Tennessee 385 north from Collierville to Arlington started with a $23-million contract awarded in December 2002 for a 2.7-mile section from the end of Bill Morris Parkway at U.S. 72 to Tennessee Secondary 57 (Poplar Avenue). This work ran simultaneously with the four-mile, $18.98-million portion leading south from Interstate 40 to Collierville Arlington-Road, south of U.S. 64 at Eads.15

The 7.7-mile gap between the two aforementioned segments includes a crossing of the Wolf River. Adding to the costs ($12 million) of this portion was a 3,200-foot long bridge, more than four times the span initially planned, to bridge environmentally sensitive wetlands associated with the waterway.16

The extension of Bill Morris Parkway to SR 57 at Piperton opened to traffic on August 23, 2007.17 Following quickly was the opening of the Eads to Arlington portion, extending SR 385 south 2.48 miles from I-40 to U.S. 64, on September 4, 2007.18 $14-million in construction south from U.S. 64 to Macon Road (SR 193) completed on June 15, 2009 left just a 3.6-mile stretch from Macon Road to Raleigh-LaGrange Drive and 3.7 miles from there to SR 57.19

Completion of the final $74-million phase of SR 385, between Tennessee Secondary 57 and Tennessee 193 (Macon Road), ran between 2009 and November 22, 2013. The road was formally designated as the Governor Winfield Dunn Parkway during the opening ceremony.20

An official extension of Interstate 269 into Tennessee was submitted for review for the May 24, 2016 American Association of State Highway and Transportation Officials (AASHTO) Special Committee on U.S. Route Numbering meeting. Ultimately approved, I-269 extended 19.176 miles into Tennessee from its previous end at the Mississippi border northward through to I-40 near Arlington. This replaces Tennessee 385 along the same stretch.29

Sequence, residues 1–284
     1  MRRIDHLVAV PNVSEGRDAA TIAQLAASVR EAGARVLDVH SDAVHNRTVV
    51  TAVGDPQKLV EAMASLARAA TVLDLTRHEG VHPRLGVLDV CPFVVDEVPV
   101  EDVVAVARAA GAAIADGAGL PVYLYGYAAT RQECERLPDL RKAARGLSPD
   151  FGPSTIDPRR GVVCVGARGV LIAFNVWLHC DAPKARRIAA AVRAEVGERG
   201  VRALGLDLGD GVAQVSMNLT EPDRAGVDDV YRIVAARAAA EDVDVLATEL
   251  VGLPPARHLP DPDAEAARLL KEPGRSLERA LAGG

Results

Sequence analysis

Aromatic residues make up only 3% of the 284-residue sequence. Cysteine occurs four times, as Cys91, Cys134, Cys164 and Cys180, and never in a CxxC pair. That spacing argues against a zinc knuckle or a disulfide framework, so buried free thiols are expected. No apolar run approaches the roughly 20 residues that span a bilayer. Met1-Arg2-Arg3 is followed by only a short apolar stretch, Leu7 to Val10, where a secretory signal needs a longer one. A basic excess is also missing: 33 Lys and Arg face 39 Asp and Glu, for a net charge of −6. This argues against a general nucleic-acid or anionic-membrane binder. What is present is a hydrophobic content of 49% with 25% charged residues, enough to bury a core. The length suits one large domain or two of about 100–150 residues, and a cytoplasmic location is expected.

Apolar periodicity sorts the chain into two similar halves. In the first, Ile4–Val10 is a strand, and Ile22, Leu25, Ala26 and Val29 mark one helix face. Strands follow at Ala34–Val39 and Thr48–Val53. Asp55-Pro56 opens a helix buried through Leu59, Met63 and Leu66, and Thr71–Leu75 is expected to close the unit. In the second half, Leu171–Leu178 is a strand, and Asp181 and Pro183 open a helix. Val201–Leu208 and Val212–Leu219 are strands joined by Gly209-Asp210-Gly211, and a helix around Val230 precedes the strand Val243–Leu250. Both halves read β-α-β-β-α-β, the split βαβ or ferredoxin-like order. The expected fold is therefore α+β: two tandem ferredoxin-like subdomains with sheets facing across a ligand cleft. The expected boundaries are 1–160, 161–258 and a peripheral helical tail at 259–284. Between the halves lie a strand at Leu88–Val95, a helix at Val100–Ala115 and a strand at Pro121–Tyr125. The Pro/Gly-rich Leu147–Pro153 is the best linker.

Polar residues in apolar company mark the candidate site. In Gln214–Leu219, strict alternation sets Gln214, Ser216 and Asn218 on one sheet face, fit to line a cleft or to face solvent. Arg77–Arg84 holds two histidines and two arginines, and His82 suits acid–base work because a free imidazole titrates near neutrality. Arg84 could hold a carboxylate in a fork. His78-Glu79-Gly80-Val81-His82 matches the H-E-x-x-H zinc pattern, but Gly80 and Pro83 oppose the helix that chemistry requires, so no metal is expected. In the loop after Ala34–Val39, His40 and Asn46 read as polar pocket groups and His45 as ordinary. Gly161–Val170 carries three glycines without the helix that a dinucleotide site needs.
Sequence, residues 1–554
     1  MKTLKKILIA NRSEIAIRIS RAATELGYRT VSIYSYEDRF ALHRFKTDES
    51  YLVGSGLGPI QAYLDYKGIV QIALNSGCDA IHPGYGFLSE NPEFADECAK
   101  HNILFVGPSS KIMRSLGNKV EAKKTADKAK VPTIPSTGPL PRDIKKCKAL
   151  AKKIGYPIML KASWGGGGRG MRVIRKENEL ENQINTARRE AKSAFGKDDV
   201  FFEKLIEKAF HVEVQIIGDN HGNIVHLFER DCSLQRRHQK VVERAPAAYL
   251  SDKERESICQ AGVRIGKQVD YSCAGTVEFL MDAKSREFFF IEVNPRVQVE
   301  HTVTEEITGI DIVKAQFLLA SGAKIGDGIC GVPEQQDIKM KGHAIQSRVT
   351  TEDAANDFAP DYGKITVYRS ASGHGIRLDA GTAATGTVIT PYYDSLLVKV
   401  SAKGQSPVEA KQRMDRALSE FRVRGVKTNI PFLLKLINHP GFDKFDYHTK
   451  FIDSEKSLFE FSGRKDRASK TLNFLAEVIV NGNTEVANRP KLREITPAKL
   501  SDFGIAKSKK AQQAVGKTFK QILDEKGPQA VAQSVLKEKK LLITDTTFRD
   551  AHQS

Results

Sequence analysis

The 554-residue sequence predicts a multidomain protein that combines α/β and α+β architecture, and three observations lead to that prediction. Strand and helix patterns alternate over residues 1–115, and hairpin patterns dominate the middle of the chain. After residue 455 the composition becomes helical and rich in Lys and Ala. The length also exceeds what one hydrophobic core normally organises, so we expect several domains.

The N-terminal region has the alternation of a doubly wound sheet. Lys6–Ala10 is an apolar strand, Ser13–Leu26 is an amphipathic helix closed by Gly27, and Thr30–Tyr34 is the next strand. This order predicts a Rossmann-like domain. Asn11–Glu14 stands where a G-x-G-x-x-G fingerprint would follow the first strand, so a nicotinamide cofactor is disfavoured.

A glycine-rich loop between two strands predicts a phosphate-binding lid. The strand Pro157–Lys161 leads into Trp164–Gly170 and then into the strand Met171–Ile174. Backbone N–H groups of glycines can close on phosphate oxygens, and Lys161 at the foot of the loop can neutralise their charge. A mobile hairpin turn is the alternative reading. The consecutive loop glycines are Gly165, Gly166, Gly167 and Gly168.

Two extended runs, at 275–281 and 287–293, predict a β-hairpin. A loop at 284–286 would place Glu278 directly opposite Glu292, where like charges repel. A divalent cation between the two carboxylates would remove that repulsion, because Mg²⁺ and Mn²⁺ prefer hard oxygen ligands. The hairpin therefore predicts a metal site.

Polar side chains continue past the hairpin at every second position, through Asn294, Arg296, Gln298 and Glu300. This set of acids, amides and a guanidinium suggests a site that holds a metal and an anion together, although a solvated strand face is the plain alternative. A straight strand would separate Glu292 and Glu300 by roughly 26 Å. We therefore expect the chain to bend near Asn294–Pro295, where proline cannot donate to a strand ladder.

Paul W. Barret Parkway

Paul W. Barret Parkway, the east-west alignment between Millington and Interstate 40, had its Environmental Impact Statement approved by the Federal Highway Administration in 1975. The initial stretch to open extended east from U.S. 51 to Singleton Parkway (SR 204), with construction following to Austin Peay Highway (SR 14).21

Tennessee 385 (Paul W. Barret Parkway) east from U.S. 51 at Millington to U.S. 70 at Arlington was completed on September 25, 1998 at a cost of $66.9-million. Opening of this 12.7-mile stretch left just 1.6 miles of SR 385 southward to I-40 to build.22 Delays would push this $18.8-million segment back until December 1999.22

Mississippi

One of the first maps to display the proposed route of Interstate 269 appeared in the Draft Environmental Impact Statement (EIS), which showed Interstate 269 following the existing freeway routes in Tennessee (Tennessee 385 and Secondary 205) but offered some alternate alignments in Mississippi (Central Alignment, B-1; Southern Alignment, B-2; and Northern Alignment, B-3).23 Preliminary citizen reaction indicated that the B-1 alignment was preferred,24 ultimately leading to Mississippi transportation agreeing and endorsing Alignment B-1 for I-269 on November 31, 2004.25

Eight projects encompass Interstate 269 through northern Mississippi presently. The first broke ground in July 2012, focusing on grading and bridge work by the future interchange between I-22 and 269. Fall 2012 construction followed west from U.S. 78 to MS 305 and from I-55 & 69 east to Getwell Road.

The first segment of I-269 opened in Mississippi was the five mile extension south from Tennessee 385 to Mississippi 302. It opened following a ribbon cutting ceremony held on October 23, 2015.28, and was signed as Interstate 269 within Marshall County, Mississippi. The remaining portions are forecast for completion in 2018.26

Discussion

Highway Guides

Current Southern Terminus - Mississippi 302 - Cayce, Tennessee
Perspective from Interstate 269 south
A short distance south of the Tennessee state line, Interstate 269 nears the current terminus at Mississippi 302 (Exit 23). Photo taken by Trevor B. (05/26/16).
A dynamic message board alerts motorists of the temporary end of I-269. The freeway concludes as a partially opened diamond interchange in one mile. Photo taken by Trevor B. (05/26/16).
Wingo Road spans I-269 north as additional signs advise travelers of the end at Exit 23. Photo taken by Trevor B. (05/26/16).
Exit 23 connects I-269 south with Mississippi 302 west to Olive Branch and east to U.S. 72 for Corinth. Photo taken by Trevor B. (05/26/16).
Pylons shunt drivers onto Exit 23 as Interstate 269 temporarily ends. Construction on the route south to Interstate 22 continues through October 2018. Photo taken by Trevor B. (05/26/16).
Perspective from Mississippi 302 east
Approaching the south end of Interstate 269 and Mississippi 304 on Mississippi 302 east. Photo taken by Trevor B. (05/26/16).